In other words, there was A LOT to see. Knowing I would never be able to see all of it, Belinda and I decided to see Modern Art and Gothic Art. The first thing that struck me was the building itself was art. While it looks like it dates back to the 1700s, it was only built in 1929 and first used as National d’art in 1934. However, the amount of detail that went into the architect is testament to the detail that went into the collection.
The Oval Room is a grand space that we walked through to enter the Modern Art section. After catching my breathe at the grandeur of the room, I noticed that it was a used space. Concerts and dances often take place within the art gallery. The community was using the space.
Within the Modern Art section, I must admit I was a bit unsure of what to expect but I was delightfully surprised to find an eclectic array of whimsical and fun art along with deep subject matters. The collection range from Neoclassicism to avant-garde movements to ‘Modernisme and Nouvastisme’.
I immediately fell in love with Xavier Nogués and the story behind the paintings. In 1915 a gallery owner and cultural promoter had a meeting place for artists and intellectuals in which Xavier was asked to decorate the walls of the wine cellar with figures of likeable little drunkards shown satirically immortalizing the human weaknesses.
MNAC has something for everyone. There is also a family friendly feel about the place with family activities prominently displayed at reception.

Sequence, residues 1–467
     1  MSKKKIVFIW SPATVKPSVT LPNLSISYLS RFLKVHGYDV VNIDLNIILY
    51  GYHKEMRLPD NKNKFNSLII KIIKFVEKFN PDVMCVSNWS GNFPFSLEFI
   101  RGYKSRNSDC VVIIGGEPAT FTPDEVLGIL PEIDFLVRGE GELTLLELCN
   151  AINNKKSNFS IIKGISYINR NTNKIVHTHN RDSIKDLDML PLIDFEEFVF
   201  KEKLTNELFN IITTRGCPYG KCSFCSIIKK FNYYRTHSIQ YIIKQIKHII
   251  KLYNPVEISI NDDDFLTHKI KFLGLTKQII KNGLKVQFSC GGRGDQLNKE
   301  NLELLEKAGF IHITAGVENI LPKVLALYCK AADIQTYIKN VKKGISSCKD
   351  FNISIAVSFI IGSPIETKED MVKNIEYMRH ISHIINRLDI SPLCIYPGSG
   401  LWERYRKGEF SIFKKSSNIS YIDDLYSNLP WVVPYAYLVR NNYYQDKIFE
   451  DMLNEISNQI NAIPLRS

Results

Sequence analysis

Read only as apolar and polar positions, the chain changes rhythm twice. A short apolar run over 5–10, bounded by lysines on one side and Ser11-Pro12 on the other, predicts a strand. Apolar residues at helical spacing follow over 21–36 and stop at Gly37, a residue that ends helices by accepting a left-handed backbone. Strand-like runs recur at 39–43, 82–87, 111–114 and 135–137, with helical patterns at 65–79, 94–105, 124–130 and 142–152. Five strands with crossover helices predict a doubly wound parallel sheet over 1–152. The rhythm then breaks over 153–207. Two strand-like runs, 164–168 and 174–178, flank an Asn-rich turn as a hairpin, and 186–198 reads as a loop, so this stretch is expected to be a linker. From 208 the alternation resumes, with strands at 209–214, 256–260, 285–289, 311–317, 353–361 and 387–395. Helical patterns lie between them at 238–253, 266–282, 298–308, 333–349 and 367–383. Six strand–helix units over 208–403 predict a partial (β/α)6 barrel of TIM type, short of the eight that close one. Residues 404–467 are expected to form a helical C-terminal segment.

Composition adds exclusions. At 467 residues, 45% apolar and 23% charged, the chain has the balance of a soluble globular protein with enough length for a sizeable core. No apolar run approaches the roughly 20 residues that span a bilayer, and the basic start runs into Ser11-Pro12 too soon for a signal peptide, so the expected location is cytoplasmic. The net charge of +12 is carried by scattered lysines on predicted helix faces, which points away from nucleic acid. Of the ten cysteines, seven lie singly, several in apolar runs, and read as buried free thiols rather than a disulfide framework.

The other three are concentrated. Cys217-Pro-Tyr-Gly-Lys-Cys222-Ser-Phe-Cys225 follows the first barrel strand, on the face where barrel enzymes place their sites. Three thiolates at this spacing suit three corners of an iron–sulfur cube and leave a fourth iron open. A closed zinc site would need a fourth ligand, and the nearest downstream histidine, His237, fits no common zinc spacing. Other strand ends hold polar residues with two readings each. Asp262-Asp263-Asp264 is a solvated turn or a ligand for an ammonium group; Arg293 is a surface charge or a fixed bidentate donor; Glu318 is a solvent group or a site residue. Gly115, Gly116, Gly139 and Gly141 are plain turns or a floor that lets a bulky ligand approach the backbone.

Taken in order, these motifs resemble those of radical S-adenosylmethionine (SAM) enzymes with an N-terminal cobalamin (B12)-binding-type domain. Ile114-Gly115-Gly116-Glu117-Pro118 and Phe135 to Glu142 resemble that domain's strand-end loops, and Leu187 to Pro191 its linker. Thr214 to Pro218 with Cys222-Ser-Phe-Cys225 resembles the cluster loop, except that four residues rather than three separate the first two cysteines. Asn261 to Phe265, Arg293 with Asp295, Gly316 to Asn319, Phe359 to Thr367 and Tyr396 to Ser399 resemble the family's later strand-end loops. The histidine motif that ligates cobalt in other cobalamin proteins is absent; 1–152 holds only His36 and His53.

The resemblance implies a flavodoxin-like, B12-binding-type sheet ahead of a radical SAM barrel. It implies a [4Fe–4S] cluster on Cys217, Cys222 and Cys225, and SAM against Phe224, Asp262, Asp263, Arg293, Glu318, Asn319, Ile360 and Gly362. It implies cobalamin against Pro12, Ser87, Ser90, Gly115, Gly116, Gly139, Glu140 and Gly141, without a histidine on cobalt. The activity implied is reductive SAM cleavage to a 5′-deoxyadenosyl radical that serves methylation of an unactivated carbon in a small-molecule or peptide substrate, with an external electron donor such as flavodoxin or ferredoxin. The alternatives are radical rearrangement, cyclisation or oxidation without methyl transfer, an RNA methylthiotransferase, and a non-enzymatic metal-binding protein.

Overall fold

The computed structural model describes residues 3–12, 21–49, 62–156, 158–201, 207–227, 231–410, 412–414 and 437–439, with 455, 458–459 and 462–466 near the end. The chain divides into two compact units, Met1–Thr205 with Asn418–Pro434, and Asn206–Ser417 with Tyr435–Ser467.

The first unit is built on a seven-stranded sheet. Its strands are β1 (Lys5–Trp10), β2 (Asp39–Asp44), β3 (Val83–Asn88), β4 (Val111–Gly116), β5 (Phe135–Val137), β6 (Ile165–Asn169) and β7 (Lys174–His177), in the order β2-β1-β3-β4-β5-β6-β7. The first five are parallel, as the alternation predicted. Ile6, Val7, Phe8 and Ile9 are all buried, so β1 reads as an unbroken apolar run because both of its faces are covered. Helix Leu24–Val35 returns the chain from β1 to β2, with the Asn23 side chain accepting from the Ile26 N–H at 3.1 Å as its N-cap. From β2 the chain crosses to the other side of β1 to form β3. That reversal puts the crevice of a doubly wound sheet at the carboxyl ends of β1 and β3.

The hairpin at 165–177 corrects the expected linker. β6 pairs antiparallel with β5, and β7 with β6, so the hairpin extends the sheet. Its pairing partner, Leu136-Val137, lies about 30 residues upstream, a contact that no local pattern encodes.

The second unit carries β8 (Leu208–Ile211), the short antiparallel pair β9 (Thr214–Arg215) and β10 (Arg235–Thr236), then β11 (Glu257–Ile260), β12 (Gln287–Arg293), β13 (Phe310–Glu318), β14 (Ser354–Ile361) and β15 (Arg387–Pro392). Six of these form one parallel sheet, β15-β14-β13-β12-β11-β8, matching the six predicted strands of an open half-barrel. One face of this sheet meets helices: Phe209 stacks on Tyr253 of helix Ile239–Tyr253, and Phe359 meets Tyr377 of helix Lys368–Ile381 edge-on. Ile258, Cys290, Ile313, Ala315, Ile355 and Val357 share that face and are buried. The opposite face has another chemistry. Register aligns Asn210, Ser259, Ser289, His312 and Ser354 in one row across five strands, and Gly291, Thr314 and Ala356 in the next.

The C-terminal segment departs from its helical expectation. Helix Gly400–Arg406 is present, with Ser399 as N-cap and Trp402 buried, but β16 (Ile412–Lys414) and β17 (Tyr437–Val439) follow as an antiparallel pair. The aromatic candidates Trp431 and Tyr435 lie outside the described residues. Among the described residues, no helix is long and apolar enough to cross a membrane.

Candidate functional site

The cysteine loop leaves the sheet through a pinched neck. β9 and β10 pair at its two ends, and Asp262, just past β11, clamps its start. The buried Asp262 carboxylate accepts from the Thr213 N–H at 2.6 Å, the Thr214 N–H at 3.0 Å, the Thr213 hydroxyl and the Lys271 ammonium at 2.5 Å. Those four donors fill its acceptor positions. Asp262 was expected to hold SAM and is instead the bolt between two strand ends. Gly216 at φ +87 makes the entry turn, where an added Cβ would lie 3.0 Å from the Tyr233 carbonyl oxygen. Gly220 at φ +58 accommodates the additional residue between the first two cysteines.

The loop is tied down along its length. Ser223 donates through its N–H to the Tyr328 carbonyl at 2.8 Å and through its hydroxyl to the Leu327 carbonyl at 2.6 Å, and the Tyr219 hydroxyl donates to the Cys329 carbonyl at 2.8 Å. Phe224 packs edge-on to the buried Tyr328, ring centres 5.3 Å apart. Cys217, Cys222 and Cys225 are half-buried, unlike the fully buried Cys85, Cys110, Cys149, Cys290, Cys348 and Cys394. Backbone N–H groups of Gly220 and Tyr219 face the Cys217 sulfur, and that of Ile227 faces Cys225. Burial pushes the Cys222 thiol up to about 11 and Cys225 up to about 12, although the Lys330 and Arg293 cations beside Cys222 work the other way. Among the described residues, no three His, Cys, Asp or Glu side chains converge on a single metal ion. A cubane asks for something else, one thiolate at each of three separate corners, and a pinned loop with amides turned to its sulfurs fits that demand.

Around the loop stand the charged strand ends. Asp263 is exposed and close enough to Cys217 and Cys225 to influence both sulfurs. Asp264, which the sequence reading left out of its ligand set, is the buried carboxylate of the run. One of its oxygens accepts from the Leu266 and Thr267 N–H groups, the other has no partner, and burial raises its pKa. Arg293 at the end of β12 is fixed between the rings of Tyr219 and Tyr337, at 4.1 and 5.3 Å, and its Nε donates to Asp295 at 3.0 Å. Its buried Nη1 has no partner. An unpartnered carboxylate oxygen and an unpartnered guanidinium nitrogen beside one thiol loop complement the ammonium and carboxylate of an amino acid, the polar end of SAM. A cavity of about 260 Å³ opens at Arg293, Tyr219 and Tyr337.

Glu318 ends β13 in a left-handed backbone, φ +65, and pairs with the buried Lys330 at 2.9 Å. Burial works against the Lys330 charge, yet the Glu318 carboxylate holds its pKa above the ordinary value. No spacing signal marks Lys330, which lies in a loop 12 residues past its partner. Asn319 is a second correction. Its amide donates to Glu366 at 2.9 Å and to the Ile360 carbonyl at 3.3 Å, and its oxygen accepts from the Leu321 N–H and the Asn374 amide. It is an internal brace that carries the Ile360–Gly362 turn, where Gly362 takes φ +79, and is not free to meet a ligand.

We left MNDC and headed for Fundacio Joan Miro (meeting up with Juan Cobo). Now here’s a little secret – although everyone and their brother told me I *had* to go see Joan Miro, I really wasn’t bothered. I just found Xavier Nogués – nothing was going to top that.
Was I ever wrong.
Joan Miro was a modern day Da Vinci – his creative talent spanned many mediums. Paintings to sculptures, impressionist to surrealist, ceramics to tapestry, and everything in between – everything was seen in an artists view.
Like any collection, there were pieces I appreciated more than others, but I can honestly say even the pieces I personally didn’t like, I appreciated their value to the art world. Joan Miro Foundation was created by Joan Miro as he wanted Barcelona (his birth place) to have a center for the community to discover art. He donated his own collection to the foundation but it is not just his works on display (although his is the majority). This allows for people who come to the Foundation to see Joan Miro works the ability to discover new artists.